When I was starting this website almost a year ago, I was simply relaying information I had seen on TV, or more often by clicking around the internet. However, early on, I decided that if I was going to make this website an awesome place to follow space tourism news, I was going to need to find a way to get regular updates myself. So I started clicking around at the websites for individual companies to see if there was a way to get updates, which in turn prompted me to start writing up company profiles here.

A few of the companies, such as SpaceX, had e-mail newsletter services that I could sign up for, but most of the companies that provide regular updates simply have RSS feeds, which is an easy way to get updates if you want to visit their websites constantly to check them.

Well, I'm way too lazy for that.

So after clicking around the internet a little bit longer, I discovered a website with a service called SendMeRSS. This service watched specified websites for RSS updates and sent them to people through e-mail. So every few days, I would get an e-mail with an update about one of these companies. I even signed up for the New Voyage News and Personal Spaceflight feeds to catch whatever fell through the cracks; they have some great space tourism information too.

Well, little did I know that NBC Universal bought out SendMeRSS about a year ago, and in October, they shut it down. This alone wouldn't have been a problem, except for one big screw you to their customers:

They did it without telling anyone.

Yeah. Awesome, guys. So in early October, I quietly stopped getting updates without any notification that the service was gone. I was still getting updates directly from companies like SpaceX that have their own e-mail newsletter services, so I didn't really notice that there was certain information I wasn't getting anymore, and I assumed the drop in volume was due to a lack of space tourism news. This had two consequences:

1. This website has been heavy on SpaceX news and light on everything else for the past couple of months.
2. I've missed out on some really great stuff.

On the upside, for the next week or two, I'll try to update at least daily to play catch-up, and maybe more. I'll start this afternoon with an awesome piece of news that clued me in to the fact that I wasn't getting the feeds anymore, and after that, I'll go chronologically starting in mid-October when I stopped getting updates. It will take some time to choose a new RSS/e-mail service (preferably one not tied to a corporate overlord) and rebuild the list of feeds I was watching, but it will get done eventually.

And that's why NBC can go suck a rotted porcupine.

Yeah, that's right, NBC. I know this won't even reach the level of a mosquito bite on your massively oversized ass, but I'm taking Heroes off my DVR. I wasn't watching it anymore anyway.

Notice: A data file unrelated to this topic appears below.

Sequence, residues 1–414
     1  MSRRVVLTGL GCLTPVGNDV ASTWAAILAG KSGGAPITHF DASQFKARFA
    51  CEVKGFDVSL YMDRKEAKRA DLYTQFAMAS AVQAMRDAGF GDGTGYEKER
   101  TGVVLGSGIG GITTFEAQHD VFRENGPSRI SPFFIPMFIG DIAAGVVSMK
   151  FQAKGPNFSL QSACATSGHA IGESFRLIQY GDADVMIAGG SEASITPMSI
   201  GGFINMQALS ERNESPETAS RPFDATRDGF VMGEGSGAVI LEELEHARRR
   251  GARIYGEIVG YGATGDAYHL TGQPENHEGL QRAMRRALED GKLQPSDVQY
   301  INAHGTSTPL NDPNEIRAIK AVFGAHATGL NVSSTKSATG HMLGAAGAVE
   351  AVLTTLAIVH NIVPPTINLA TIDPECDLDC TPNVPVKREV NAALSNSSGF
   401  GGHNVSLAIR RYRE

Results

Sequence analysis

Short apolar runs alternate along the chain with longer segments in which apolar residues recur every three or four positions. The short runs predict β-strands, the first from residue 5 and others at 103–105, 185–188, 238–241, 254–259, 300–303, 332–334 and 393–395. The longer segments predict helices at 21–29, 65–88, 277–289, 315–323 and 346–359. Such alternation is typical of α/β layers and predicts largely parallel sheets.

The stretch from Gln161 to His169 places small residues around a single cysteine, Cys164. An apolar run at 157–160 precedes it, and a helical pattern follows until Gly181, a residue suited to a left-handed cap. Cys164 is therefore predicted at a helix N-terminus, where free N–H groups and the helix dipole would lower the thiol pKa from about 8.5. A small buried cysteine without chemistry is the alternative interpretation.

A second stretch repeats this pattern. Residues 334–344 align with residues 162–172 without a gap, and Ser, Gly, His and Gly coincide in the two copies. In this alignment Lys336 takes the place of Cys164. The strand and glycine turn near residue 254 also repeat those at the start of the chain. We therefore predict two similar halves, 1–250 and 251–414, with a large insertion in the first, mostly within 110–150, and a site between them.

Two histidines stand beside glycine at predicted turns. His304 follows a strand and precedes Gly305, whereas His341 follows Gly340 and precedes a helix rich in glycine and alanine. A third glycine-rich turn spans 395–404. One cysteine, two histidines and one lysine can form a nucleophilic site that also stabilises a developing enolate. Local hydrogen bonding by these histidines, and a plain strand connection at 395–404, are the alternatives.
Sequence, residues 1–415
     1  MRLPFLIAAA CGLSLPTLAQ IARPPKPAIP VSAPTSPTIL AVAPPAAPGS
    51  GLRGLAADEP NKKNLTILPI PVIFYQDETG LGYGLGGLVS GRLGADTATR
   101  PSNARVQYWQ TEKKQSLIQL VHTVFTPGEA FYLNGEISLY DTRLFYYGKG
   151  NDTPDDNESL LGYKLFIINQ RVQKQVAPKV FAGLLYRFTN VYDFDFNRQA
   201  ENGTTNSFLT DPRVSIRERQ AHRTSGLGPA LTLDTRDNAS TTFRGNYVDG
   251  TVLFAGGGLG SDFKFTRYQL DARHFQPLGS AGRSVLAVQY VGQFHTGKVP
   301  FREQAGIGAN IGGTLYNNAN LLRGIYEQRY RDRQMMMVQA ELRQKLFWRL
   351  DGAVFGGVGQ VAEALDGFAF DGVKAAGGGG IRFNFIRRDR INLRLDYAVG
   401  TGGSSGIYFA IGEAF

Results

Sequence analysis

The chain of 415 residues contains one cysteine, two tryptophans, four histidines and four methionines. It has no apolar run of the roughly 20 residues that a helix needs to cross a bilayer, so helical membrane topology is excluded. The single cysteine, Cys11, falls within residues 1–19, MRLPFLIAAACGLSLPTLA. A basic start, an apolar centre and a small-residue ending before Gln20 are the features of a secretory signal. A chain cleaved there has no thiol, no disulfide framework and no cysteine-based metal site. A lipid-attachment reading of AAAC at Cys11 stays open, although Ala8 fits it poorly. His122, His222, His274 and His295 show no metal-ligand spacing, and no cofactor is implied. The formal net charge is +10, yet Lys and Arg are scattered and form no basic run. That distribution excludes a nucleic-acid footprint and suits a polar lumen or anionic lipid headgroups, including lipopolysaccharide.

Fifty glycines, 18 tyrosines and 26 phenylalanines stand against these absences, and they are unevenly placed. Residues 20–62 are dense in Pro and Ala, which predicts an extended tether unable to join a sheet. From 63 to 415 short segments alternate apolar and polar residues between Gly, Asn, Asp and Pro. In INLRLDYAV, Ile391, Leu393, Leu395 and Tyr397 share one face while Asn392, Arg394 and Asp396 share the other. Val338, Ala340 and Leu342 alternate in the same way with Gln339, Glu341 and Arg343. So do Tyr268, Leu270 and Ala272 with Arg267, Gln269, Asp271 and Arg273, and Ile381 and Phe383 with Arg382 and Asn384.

Progress: 4.03%  Flight Time: 0:06:05

Monday, December 29, 2008

More problems with the Space Elevator?

The concept of the Space Elevator has plenty of problems; nobody is denying it. Not the least of these problems is the fact that technology needed to manufacture the necessary carbon nanotube ribbons hasn't been invented yet There are also the issues of avoiding storms in the vicinity of the ribbon, providing power to the elevator during its ascent, and how the heck do you launch a satellite tethered to the ground without destroying the tether during launch?

Well, a new study presents a new problem; the Coriolis effect could throw the satellite off-course during the elevator's ascent. Yep, the Coriolis effect. The same effect that makes Canadian toilet water spin one way and Australian toilet water spin the other is going to pose an issue to any potential space elevator.

Because the ribbon tethering the satellite to the ground will be flexible and not rigid, the Coriolis effect will drag a single rising elevator in the opposite direction to the Earth's spin, causing the satellite at the end of the ribbon to be pulled off-course.

Don't understand why this would occur? There's a simple experiment you can perform. Put a large bead on a strong string, and make sure the bead will slide easily along the string. Tie the string to the edge of a merry-go-round and sit in the middle, holding tightly on to the other end of the string so that it is straight. As the merry-go-round is spinning, throw the bead out along the string away from you. You'll notice that as the bead gets closer to the edge of the merry-go-round, it will pull the string in the direction opposite to the spin. This is the same effect.

However, all is not lost; the study proposes a few potential solutions to this problem. The simplest of these is that the elevator would need to ascend incredibly slowly to minimize the effect. However, any elevator ascending at the necessary speed would take over three weeks to arrive at its destination.

Cool Science Fact 1: To say that slowing the elevator would "minimize" the Coriolis effect is an oversimplification; in reality, moving the elevator slowly would allow it time to slow down the Earth's spin, stealing enough energy from the earth's spin so that the effect isn't readily apparent.